The key to making rolled cookies is getting the dough at the right temperature to make them rollable. It takes 2-3 hours in the fridge, but I’ve noticed that 45 minutes in the freezer also do the trick.  Work with dough in small batches.  As soon as one gets too soft, put it back in the fridge and get another one.

Ingredients

  • 1 cup salted butter, softened
  • 1 cup sugar
  • 1 egg
  • 2 Tbsp. orange juice
  • 1 Tbsp. vanilla extract
  • 2 1/2 cups flour + more for dusting
  • 1 tsp. baking powder
  • 4 1″ squares of plastic wrap

Icing

  • 3 cups powdered sugar
  • 1/3 cup salted butter, softened
  • 1 tsp vanilla extract
  • 1-2 Tbsp. milk
  • Food coloring, as desired

Instructions

For the cookies

With an electric mixer at medium speed, cream the butter with the sugar and the egg.  Add the orange juice and vanilla extract and continue mixing until combined.  Add the flour and baking soda and mix at low speed until combined.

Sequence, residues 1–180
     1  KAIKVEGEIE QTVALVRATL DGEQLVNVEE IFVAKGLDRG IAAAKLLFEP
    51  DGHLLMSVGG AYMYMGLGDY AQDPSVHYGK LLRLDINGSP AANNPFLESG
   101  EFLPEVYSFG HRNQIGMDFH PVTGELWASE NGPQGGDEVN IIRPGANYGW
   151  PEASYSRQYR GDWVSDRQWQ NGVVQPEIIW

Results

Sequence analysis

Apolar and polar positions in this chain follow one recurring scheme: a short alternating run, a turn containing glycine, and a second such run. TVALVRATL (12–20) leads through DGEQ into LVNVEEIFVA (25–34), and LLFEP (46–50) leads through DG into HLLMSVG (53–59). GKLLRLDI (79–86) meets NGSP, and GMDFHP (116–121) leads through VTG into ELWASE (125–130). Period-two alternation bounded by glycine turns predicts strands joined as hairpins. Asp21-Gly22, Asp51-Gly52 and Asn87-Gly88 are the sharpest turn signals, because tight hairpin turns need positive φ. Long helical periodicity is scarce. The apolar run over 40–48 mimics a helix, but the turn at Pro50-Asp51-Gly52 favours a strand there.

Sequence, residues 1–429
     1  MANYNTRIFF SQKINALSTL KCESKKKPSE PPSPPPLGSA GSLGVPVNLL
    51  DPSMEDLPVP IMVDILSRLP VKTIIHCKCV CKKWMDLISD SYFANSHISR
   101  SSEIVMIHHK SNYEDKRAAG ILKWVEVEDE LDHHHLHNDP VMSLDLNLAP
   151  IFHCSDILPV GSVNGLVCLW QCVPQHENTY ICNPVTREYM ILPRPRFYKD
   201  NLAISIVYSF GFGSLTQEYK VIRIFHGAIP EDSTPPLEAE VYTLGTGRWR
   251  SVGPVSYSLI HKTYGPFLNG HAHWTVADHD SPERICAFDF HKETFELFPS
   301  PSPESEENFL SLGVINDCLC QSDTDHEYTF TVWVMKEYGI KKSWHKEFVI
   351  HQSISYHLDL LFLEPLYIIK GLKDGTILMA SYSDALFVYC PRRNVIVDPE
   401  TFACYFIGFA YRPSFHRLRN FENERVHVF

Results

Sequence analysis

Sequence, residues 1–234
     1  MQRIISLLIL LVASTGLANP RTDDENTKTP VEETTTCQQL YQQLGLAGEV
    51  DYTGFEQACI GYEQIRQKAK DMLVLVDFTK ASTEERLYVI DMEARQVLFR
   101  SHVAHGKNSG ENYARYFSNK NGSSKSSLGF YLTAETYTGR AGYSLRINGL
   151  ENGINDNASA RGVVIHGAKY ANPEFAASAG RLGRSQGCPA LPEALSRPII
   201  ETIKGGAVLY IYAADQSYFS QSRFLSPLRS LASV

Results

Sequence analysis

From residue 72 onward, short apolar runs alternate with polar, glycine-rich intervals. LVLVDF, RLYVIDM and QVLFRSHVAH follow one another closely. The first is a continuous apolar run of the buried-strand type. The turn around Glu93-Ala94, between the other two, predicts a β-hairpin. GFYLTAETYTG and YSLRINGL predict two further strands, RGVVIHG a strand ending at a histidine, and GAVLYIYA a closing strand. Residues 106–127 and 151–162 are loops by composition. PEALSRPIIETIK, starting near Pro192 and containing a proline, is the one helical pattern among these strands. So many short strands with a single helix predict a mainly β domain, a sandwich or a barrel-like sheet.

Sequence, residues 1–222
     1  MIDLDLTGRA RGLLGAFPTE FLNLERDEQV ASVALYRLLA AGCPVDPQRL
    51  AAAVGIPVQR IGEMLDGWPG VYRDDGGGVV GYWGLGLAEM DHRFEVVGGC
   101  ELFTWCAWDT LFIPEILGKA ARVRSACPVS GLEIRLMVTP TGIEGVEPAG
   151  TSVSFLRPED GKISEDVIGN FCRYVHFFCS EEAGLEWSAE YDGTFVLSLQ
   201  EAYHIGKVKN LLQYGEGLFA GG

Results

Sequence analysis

Wrap 1/4th of the dough. with each plastic wrap square. Flatten slightly.  Refrigerate until firm, 2 to 3 hours.

Heat oven to 400°F.

Lightly flour a working surface and a rolling pin.  Roll out one package of batter to a 1/4″ thickness.  Cut with cookie cutters.  Place 1″ apart onto ungreased cookie sheets.  Bake for 6 to 8 minutes.  It’s ready when the edges of the cookie start to turn brown.  Remove from oven and let stand for one minute before transferring to cooling racks.

Repeat with the rest of the dough.

For the Icing